Willing to make the tough catch over the middle... Most effective when working from the slot, makes a lot of catches within 1-10 yards from the line of scrimmage... Good at finding the soft spot in zone coverage... Very shifty in the open field, displays a short area burst and good vision... hard to tackle after he makes the catch, elusive...
Crazy production, posted 131 catches for 1,622 yards and 14 touchdowns this year... Set seven Oklahoma receiving records in 2010... Great punt returner, active career leader from BCS schools in punt return yards... Still improving, was recruited to Oklahoma as a cornerback and redshirted his freshman year to learn wide receiver.
Negatives: A bit undersized, might struggle to get off the line of scrimmage in the NFL... Has a tendency to be bumped off his routes... Appears to be more quick than fast... Suffered a collar bone injury in 2009...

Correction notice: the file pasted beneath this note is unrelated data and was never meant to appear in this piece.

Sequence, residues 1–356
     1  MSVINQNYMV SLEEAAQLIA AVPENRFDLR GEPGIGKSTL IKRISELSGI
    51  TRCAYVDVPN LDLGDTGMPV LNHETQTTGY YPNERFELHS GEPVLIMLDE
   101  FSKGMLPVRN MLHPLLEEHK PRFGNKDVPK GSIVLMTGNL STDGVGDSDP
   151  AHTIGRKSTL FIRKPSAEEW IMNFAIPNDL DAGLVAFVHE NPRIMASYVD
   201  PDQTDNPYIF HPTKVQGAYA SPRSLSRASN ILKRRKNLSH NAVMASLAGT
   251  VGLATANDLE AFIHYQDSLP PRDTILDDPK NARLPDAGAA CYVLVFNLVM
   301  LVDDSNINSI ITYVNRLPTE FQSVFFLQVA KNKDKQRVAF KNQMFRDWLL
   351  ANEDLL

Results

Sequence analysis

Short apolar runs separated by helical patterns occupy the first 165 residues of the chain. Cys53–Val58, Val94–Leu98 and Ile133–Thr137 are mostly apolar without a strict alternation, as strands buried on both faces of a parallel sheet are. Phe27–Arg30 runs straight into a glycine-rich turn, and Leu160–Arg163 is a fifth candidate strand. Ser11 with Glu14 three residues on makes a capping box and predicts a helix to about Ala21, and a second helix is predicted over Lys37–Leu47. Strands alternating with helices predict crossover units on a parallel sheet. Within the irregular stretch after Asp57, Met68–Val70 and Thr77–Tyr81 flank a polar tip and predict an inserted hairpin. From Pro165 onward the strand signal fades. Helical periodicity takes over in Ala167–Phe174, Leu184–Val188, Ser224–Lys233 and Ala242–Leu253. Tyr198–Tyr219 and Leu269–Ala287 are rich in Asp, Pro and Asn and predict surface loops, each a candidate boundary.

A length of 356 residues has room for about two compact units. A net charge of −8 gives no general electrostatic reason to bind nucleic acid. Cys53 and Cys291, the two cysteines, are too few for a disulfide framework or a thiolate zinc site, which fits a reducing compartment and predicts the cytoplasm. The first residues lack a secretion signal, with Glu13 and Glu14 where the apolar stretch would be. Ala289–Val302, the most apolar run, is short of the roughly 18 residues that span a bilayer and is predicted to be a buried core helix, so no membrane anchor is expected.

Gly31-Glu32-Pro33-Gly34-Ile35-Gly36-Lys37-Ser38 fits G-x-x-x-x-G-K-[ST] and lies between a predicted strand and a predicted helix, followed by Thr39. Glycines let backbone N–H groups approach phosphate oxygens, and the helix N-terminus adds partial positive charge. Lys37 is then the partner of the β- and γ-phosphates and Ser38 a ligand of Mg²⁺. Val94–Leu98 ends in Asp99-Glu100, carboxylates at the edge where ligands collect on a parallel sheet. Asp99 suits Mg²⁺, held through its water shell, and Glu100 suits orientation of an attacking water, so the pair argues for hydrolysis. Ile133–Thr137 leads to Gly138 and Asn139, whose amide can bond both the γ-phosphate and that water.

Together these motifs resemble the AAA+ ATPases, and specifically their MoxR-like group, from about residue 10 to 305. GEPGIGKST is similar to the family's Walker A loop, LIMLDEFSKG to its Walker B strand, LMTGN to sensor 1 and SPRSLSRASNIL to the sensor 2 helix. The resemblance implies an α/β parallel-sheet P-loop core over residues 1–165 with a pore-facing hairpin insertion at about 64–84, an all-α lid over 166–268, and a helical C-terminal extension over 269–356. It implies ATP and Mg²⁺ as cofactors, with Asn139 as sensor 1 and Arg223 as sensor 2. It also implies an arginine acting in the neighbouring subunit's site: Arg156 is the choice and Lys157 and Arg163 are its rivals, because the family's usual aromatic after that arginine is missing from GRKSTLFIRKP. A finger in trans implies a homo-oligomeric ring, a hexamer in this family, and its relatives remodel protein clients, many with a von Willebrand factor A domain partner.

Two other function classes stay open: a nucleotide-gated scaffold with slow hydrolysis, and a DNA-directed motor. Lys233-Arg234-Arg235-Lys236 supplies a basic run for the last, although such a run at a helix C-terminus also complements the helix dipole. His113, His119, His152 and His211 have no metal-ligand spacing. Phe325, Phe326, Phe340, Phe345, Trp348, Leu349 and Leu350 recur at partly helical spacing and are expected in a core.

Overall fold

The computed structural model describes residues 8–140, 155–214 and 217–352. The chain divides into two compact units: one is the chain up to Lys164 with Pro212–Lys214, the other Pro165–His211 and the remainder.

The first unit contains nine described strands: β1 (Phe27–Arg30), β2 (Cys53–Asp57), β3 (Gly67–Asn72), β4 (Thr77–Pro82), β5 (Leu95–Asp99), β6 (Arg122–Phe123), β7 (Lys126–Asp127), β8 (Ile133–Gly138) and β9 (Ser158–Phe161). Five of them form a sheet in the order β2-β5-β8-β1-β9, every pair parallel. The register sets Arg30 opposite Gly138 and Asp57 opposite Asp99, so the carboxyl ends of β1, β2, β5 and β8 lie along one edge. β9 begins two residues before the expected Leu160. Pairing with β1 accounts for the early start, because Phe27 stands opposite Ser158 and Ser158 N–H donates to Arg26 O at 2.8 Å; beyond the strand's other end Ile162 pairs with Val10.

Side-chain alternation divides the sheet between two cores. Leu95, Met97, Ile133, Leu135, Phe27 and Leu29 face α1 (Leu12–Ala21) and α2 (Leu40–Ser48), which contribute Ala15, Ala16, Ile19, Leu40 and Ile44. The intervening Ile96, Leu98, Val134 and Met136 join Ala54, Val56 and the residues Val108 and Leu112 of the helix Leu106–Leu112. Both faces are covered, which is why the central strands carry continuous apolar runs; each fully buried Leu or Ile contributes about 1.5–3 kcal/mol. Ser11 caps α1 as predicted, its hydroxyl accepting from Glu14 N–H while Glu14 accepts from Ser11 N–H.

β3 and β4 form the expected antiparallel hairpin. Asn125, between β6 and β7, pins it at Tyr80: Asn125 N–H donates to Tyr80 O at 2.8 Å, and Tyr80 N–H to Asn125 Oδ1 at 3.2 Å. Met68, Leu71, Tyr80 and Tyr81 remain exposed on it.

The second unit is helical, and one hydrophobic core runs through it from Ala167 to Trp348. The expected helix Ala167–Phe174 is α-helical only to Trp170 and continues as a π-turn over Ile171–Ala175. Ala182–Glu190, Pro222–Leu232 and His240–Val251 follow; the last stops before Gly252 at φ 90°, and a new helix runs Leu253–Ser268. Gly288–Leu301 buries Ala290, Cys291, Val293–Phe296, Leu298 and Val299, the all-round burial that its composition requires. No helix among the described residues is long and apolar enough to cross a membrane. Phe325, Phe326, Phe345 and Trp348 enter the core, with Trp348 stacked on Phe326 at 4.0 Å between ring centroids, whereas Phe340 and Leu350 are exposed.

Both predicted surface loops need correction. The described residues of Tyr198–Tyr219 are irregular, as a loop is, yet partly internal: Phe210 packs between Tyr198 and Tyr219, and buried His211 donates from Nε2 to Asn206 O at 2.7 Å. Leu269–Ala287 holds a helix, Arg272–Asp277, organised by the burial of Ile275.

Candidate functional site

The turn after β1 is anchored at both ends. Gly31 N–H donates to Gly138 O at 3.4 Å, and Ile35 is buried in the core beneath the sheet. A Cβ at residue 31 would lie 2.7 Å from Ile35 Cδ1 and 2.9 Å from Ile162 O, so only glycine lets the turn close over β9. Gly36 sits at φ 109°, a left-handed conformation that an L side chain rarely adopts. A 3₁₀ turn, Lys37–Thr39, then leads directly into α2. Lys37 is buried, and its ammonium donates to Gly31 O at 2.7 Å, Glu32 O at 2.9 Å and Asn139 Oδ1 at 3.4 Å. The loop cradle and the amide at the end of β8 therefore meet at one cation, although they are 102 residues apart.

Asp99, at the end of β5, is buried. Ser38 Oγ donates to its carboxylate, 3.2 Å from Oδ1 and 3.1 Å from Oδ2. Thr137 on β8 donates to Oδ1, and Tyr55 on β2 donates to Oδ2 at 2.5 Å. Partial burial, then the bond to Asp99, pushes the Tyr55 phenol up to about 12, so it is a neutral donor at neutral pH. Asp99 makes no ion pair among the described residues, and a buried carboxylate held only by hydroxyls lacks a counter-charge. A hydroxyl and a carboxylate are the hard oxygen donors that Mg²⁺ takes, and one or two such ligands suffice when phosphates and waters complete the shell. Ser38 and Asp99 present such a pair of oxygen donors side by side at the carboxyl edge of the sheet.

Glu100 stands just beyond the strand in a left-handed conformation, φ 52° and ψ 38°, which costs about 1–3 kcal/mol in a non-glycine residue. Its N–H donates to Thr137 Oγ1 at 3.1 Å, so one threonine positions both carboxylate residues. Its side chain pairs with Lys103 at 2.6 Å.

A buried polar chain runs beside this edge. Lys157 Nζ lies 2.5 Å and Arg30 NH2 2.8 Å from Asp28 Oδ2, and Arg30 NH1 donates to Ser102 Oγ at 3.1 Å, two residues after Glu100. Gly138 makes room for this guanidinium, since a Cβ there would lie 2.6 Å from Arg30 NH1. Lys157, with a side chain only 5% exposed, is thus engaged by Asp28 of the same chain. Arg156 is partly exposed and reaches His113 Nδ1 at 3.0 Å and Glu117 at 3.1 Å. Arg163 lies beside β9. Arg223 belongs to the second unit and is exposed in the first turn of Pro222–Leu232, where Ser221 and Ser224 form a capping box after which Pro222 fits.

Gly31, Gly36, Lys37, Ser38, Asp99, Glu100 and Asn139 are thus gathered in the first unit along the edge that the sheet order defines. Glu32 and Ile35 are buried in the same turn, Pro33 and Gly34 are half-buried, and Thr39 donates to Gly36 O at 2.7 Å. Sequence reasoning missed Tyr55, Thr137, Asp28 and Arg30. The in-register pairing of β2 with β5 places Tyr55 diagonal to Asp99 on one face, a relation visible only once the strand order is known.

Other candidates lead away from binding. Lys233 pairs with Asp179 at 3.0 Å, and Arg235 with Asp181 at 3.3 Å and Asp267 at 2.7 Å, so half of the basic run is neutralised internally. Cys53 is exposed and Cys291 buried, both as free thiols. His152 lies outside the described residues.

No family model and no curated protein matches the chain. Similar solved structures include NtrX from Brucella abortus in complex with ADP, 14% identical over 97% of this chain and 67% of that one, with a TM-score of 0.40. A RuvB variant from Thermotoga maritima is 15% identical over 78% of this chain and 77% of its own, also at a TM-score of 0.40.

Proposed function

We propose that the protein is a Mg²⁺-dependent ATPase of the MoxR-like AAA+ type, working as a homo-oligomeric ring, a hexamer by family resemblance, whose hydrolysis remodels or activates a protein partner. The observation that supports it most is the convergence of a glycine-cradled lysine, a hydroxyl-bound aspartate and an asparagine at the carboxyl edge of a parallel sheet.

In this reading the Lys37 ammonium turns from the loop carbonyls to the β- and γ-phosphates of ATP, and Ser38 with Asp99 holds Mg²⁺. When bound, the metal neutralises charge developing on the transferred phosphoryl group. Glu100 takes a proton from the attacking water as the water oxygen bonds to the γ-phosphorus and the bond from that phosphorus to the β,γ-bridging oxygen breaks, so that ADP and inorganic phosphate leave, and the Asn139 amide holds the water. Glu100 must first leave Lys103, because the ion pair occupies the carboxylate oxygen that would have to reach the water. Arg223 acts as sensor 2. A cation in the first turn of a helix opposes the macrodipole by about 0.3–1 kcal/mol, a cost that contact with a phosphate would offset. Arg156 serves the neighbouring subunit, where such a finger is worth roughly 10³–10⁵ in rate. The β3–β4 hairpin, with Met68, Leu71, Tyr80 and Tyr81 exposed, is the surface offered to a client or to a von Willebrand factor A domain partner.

Minor character concerns, was arrested his freshman year for stealing gasoline... Oklahoma's pass heavy offense inflated his stats a bit... Limited upside because of his size, will be a better number two option in the NFL than number one... Not a run blocker, seems to give up on his blocks too early."
Given his small size, his straight-line speed is average. He can create mismatches against linebackers and safeties, but lacks the high-end speed to stretch the field. There have also been some injury concerns due to his sleek frame.
Broyles was arrested in 2007 for attempted larceny because he attempted to steal gas. Rumors are that he has matured a lot since the incident."